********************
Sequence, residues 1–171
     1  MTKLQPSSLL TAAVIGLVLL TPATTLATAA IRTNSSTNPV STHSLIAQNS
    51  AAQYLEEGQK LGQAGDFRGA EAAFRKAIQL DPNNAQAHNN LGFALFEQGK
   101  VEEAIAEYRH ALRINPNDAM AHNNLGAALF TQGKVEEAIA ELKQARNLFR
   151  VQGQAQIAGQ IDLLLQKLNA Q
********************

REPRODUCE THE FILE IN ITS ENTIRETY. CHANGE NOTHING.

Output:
Sequence, residues 1–171
     1  MTKLQPSSLL TAAVIGLVLL TPATTLATAA IRTNSSTNPV STHSLIAQNS
    51  AAQYLEEGQK LGQAGDFRGA EAAFRKAIQL DPNNAQAHNN LGFALFEQGK
   101  VEEAIAEYRH ALRINPNDAM AHNNLGAALF TQGKVEEAIA ELKQARNLFR
   151  VQGQAQIAGQ IDLLLQKLNA Q